When my first parrot died a few years ago, I was grief-stricken. Patrick's loss wasn't a total surprise: He came to me as a homeless, feather-picked disaster, and he'd had health problems throughout his short life. But just because a loss isn't a shock doesn't mean it isn't difficult to bear, and I very much missed having him around.
But then, I guiltily noticed I was enjoying all the time I didn’t have to clean up after all the poop dumped, feathers dropped and food flung far and wide. Parrots are like that, for all their charms, which is why I went a half-dozen years before adopting another.
Eventually I decided the mess was worth it, so about a year ago another parrot, Eddie the clownish caique, joined my household. I still don't care for the mess, but I adore my parrot, so I'm once again cleaning all the time.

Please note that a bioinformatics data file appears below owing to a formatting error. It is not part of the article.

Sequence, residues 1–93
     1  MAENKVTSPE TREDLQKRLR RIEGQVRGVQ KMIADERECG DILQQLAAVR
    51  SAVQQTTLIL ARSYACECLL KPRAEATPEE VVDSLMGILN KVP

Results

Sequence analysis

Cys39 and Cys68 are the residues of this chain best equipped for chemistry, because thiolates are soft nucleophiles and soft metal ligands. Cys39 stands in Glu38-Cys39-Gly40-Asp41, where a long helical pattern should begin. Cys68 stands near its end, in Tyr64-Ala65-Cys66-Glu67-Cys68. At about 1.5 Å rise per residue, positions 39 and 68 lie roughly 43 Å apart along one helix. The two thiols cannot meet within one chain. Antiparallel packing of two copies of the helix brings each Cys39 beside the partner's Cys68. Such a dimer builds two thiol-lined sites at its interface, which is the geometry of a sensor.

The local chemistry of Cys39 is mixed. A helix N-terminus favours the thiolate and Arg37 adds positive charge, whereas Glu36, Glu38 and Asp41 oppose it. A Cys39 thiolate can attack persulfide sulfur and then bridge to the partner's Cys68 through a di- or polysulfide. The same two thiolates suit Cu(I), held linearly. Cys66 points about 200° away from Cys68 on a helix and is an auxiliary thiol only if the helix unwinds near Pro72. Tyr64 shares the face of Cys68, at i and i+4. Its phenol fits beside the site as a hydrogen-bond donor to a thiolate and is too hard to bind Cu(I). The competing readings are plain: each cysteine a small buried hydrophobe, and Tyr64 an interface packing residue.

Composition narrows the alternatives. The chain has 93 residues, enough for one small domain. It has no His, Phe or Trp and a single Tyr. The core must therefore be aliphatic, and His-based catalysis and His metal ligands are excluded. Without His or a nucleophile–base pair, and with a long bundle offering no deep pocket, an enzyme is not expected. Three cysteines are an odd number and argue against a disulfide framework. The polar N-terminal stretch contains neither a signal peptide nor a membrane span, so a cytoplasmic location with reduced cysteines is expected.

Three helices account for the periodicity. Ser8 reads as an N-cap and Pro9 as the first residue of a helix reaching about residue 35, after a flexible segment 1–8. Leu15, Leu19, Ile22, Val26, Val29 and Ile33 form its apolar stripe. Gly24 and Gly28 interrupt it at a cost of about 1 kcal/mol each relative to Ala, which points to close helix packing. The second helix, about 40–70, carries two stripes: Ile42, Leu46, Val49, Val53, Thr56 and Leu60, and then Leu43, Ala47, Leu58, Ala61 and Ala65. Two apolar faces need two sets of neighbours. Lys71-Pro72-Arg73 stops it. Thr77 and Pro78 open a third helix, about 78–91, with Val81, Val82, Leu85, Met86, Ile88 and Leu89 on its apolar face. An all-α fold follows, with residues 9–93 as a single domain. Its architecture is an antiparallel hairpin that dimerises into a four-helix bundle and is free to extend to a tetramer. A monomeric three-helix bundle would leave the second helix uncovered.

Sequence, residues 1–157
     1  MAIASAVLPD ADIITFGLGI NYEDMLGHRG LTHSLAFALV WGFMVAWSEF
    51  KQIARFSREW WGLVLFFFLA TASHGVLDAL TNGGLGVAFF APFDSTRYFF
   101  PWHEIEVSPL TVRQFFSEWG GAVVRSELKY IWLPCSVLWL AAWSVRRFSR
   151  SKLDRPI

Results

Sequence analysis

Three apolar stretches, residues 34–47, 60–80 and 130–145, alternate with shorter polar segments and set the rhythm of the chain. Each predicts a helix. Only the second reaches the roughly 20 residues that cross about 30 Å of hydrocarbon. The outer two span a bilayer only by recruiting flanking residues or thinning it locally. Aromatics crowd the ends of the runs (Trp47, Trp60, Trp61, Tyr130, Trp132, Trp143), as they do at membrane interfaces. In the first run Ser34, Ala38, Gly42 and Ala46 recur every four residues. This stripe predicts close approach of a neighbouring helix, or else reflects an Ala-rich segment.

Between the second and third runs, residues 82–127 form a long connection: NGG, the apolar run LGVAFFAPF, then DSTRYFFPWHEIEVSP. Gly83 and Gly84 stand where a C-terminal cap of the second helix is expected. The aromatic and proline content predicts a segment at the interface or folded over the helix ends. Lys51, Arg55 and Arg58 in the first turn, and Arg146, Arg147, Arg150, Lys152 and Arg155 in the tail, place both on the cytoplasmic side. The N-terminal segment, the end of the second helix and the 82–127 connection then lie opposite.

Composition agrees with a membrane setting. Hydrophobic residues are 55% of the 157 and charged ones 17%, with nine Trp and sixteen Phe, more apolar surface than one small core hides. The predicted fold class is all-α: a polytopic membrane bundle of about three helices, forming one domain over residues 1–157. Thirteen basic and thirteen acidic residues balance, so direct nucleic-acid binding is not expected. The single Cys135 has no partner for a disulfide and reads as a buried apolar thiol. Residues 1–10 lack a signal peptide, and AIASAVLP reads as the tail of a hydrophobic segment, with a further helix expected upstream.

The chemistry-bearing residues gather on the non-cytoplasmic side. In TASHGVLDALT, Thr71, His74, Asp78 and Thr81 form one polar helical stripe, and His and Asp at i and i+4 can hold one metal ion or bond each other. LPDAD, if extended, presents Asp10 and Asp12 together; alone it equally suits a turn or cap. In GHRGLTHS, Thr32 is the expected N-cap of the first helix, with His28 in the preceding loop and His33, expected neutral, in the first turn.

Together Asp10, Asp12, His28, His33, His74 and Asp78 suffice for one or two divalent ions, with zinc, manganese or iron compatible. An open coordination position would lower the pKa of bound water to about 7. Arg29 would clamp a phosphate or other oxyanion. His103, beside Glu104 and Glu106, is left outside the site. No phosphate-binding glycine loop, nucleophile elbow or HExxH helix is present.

Cleaning isn't just about neatness -- it's also about health. Clean, fresh food and water are essential to pet birds, and so, too, is keeping their environment as free as possible of bacteria, fungus and molds, all of which can lead to disease.
Eddie's cage gets taken outside and scrubbed every week, but in between times I've learned to keep things relatively neat with a few supplies kept close to the cage and used on a constant basis. Among them:
-- Newspapers. Bird lovers go through a lot of newspapers, so it's a good thing I like to read enough to subscribe to three of them. I put all the glossy inserts in the recycling bin and stack the rest for use in the cage tray and under Eddie's play area.